Catholic education has been part of the Church’s ministry since Jesus ascended into heaven forty days after his resurrection. “Go, therefore, and teach all nations,” Jesus instructs his disciples as he takes leave of them. The Catholic Church has taken this command quite seriously over the centuries. In hard times, parents and grandparents handed on their simple faith by the example of their own prayers and their own dedicated lives. In historic times, abbeys and universities made the Catholic faith the stuff of grand discussions and international debates. For many centuries all education was in the hands of the Church. The well-to-do could go off to scholarly academies maintained by the Catholic Church’s many religious orders. The not-so-well-to-do had to rely on heroes of the faith like St. John Baptist de la Salle who was moved by the plight of the poor who seemed so “far from salvation” both in this world or the next. LaSalle determined to put his own talents and his own fine education and family finances to work at the service of children who were “often left to themselves and badly brought up.”
LaSalle faced two challenges. He had to educate children but he also had to educate teachers. It is little known that LaSalle first had a hand in instituting a congregation of religious women, the Sister of the Child Jesus. It is of course much better known that LaSalle instituted the Brothers of the Christian Schools (FSC), the first religious congregation not composed of ordained clergy. The FSCs staff LaSalle Academy in Providence today. The education of these brothers themselves resulted in the formation of what history understands to be the first normal school. LaSalle’s insights and energy were happily duplicated throughout Catholic Europe and the plethora of religious congregations of men and women that characterized Catholic education until quite recently flourished throughout Europe and the New World. Probably most readers of the Quiet Corner today owe their faith formation to a local congregation of sisters or brothers.
The face of the Catholic Church in America altered drastically after the Second Vatican Council in the 1960s. Parish liturgies, Biblical studies, Ecumenical efforts, diocesan and parish administration and social services encountered new and often successful opportunities. The same cannot be said for local Catholic schools. At one time sixty-five percent of the parishes in the Providence diocese maintained a Catholic school. This percentage ranked third highest on a nationwide scale. The wholesale withdrawal of religious men and women from the classroom on the local level drastically transformed the face of Catholic education in the diocese of Providence. Currently there are thirty-nine Catholic elementary school throughout the diocese. The decision of religious men and women to serve God and Church elsewhere than the classroom may easily be viewed as a disaster of immense consequences. Or it can be understood as a charge stemming directly from the Second Vatican Council challenging the diocesan laity to exercise their baptismal share in Christ’s priesthood by assuming a vital interest and accepting a personal involvement in the education of Catholic youth.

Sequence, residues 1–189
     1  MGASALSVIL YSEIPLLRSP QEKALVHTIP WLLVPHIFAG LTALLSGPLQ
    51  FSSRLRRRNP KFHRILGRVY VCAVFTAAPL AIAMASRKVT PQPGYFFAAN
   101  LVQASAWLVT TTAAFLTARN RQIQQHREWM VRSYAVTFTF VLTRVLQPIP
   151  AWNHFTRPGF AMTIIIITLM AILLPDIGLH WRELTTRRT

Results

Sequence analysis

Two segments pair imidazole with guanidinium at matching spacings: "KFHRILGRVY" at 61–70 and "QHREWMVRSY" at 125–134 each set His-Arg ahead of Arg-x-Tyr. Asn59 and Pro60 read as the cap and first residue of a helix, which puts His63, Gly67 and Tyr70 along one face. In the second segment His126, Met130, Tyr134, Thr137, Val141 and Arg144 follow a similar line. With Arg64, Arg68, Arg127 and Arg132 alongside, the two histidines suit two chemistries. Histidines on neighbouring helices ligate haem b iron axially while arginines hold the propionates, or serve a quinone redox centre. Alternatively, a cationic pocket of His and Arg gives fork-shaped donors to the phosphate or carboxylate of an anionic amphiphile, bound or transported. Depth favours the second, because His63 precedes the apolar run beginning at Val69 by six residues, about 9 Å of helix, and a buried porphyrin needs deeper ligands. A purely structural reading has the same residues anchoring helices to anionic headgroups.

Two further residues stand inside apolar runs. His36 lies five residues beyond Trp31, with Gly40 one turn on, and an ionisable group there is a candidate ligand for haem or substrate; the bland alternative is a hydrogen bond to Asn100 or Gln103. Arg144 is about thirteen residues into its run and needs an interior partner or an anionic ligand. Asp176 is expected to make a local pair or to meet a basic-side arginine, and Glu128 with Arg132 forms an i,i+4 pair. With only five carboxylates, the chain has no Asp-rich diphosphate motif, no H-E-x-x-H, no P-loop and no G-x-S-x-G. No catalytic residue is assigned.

Many children today are no different than the urchins of LaSalle’s era. They are “often left to themselves and badly brought up.” They are “far from salvation.” Happily other children receive a fine introduction to Catholicism from their parents and grandparents. Still, formal Catholic education is perhaps more important now than it ever was as young people grow up in an entirely secular environment. Sunday is no different than any other day in Godless America and the same can be said of many other religious customs and traditions that used to support religious faith. Many local educators, both religious and lay, have dedicated themselves nobly to preserving the Catholic classroom locally. Larry Poitras at Good Shepherd in Woonsocket, the late Sister Martha Serbst at Woodlawn Regional in Pawtucket, and Kathy Morry, former principal at St. Augustine in Providence deserve much credit for their lengthy service to local Catholic schools. Father James Ruggieri and his staff at St. Patrick parish in Providence nobly and courageously initiated a Catholic high school especially for youngsters for whom current tuition rates were daunting. Alan Tenreiro, freshly appointed president at Mt. St. Charles Academy in Woonsocket, recently gave an eloquent summary to the local deanery on his efforts to preserve the Catholic nature of that nearly 100 year old high school.
The Grateful for God’s Providence Capital Campaign being conducted throughout the diocese over the next two years is seeking an endowment of $5,000.000.00 to insure the continuation of formal Catholic education in Rhode Island. A tradition that dates back to the Ascension deserves much practical and much generous support.